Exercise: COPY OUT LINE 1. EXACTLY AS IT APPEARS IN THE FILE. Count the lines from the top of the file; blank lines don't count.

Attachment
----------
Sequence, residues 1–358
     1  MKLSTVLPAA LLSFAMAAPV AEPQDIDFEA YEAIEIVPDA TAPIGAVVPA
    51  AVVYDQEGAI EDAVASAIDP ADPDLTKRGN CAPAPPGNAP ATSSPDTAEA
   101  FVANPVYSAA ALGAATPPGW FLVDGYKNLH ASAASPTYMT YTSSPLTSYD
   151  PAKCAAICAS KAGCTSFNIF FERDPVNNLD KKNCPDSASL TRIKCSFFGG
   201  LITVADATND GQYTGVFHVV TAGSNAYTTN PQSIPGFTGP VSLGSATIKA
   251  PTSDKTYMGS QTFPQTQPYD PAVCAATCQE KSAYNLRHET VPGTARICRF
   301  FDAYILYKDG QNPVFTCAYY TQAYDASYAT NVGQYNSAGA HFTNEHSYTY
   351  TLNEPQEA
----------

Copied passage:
Sequence, residues 1–358